Letters to the Editor: Why Karen Bass and Rick Caruso both give reason to hope on homelessness issues
Wednesday is the annual Homeless Count in Washington, and while it’s always a sad and disappointing event, I was struck this year by the number of people who, after living on the streets for at least a year, are still living on the streets.
Including homeless in the count is a very significant increase. This year, I was told that 6,800 people were homeless on the streets. That’s nearly three times the number from last year. This is also nearly four times the number that was homeless just two years ago.
What’s the reason behind this? Because of the economic crisis. I wrote about it in The Washington Times a few years back and it is still happening. What makes it especially tough for families is that the cost of living today is more than double what it was when I was growing up. And for the first time, the cost of food is going up. The cost of housing is also on the rise. And many more of my friends in the inner cities have added on the cost of housing because they can’t find affordable housing.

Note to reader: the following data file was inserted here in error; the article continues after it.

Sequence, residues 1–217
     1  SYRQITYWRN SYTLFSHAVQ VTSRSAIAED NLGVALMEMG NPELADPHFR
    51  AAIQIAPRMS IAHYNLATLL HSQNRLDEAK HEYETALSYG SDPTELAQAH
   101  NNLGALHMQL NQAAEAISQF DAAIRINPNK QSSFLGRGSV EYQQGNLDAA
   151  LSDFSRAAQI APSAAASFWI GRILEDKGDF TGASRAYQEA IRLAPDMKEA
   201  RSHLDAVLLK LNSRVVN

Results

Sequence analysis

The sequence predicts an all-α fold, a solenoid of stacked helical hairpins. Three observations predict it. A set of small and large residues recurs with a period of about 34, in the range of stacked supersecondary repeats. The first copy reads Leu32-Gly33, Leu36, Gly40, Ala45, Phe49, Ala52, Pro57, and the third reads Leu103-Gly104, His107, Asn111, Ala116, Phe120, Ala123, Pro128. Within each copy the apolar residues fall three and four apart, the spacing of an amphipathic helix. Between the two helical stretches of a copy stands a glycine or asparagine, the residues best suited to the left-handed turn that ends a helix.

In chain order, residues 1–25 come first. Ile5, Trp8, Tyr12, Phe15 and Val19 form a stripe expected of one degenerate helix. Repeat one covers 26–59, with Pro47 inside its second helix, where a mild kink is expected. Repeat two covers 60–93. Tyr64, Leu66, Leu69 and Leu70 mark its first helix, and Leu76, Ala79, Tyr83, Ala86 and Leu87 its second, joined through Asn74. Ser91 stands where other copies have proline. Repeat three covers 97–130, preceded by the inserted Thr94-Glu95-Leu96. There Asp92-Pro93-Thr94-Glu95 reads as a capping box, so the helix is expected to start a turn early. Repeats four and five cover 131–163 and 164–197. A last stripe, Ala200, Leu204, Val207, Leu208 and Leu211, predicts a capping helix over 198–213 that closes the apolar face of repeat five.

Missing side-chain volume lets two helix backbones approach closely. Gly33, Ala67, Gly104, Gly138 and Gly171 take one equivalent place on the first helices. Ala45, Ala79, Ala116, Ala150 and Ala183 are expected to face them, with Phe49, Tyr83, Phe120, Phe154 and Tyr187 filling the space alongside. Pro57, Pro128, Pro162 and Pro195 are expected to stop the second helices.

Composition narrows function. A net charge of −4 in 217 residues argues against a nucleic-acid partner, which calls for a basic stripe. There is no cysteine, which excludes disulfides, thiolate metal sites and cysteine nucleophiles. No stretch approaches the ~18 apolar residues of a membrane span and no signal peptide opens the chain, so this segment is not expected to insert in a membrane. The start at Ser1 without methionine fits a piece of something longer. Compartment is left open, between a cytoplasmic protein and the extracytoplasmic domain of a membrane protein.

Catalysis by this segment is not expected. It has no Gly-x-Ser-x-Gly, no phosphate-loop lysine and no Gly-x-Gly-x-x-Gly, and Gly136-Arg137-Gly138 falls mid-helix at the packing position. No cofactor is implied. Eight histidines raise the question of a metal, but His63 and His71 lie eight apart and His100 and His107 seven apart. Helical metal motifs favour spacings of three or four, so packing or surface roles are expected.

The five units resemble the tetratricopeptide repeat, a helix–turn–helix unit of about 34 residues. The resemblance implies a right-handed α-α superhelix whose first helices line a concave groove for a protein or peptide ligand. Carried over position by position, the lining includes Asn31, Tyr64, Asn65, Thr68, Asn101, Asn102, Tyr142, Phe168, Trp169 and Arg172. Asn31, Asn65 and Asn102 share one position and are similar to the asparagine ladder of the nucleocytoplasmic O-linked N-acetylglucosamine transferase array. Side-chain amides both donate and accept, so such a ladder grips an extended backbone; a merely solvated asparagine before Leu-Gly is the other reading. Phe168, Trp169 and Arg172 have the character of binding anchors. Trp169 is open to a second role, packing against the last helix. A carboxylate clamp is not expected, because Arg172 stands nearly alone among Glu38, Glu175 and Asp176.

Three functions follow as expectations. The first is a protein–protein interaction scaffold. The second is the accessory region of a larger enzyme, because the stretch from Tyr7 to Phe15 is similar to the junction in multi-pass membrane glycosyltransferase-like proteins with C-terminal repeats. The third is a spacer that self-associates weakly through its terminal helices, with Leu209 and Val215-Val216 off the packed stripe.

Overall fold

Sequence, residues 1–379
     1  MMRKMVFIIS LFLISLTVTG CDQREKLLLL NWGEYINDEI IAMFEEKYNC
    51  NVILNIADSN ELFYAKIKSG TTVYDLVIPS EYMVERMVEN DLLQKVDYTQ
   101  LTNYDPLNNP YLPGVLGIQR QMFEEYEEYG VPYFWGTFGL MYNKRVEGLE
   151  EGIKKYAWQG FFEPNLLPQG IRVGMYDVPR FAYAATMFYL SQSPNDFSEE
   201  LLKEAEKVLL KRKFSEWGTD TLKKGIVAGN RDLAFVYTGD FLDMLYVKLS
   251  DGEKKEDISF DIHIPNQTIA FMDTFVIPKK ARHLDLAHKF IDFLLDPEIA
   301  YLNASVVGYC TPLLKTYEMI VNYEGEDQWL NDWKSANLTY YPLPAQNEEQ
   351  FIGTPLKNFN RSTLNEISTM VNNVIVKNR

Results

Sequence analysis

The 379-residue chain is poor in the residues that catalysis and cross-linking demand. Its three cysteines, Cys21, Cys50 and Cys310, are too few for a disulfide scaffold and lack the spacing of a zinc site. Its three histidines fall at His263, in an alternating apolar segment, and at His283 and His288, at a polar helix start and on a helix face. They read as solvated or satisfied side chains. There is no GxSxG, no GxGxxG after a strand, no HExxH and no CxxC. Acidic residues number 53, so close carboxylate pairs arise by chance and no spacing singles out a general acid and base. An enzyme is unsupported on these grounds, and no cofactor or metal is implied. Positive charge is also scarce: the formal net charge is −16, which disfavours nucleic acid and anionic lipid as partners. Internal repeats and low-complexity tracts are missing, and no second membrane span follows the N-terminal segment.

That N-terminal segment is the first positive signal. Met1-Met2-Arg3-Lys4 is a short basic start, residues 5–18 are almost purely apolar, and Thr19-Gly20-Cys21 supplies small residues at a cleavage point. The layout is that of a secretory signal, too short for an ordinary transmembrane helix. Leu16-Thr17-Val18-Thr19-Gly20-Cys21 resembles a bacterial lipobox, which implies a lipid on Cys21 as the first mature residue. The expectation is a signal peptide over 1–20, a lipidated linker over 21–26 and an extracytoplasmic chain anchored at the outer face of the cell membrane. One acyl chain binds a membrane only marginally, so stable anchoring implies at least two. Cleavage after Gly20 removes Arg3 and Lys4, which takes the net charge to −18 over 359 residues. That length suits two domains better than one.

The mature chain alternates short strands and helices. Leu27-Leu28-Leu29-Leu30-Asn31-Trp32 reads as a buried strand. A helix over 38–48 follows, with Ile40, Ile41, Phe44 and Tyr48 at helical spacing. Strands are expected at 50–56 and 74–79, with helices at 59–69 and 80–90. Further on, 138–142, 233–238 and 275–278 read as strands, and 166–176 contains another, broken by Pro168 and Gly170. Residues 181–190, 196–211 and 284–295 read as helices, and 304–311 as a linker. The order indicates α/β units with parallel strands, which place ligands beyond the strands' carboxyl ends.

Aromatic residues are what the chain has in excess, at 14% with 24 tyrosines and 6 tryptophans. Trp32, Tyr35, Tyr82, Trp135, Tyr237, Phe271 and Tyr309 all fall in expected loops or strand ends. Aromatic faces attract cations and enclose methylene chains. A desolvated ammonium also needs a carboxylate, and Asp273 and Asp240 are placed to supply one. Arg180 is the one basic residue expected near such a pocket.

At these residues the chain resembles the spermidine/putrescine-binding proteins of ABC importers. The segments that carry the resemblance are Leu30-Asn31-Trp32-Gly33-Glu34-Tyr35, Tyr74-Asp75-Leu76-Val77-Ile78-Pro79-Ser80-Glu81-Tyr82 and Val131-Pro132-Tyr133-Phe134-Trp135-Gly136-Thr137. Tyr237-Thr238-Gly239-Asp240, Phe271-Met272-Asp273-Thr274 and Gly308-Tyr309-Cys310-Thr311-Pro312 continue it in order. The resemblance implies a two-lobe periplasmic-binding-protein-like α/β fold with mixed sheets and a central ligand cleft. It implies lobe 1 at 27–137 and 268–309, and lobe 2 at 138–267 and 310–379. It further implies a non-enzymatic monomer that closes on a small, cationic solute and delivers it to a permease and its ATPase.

I remember when the price of gasoline was at $2.00 a gallon and you could get a ticket for driving on I-83 in Michigan. Now, you can drive for miles and miles to get to work and the quality of the gas stations has gone down and they have lowered the price of gas.
I remember when the price of a gallon of milk was $1.50. Now, you can go to 7-11 for a gallon of milk. And where is all that money going? To the manufacturers of baby formula, which costs $100 for 3-4 packages.
This is not just an economic problem. It is also a social and psychological problem. The human emotions that are stirred up by the loss of a job, losing a good one, and seeing people on the streets, are not healthy human emotions.
While we need to address the economic factors, we also need to address the people who are sleeping in the streets.
Karen Bass and Rick Caruso in their letter have given me the best reason to hope that, this year, we can get an increase in the number of people who are sleeping in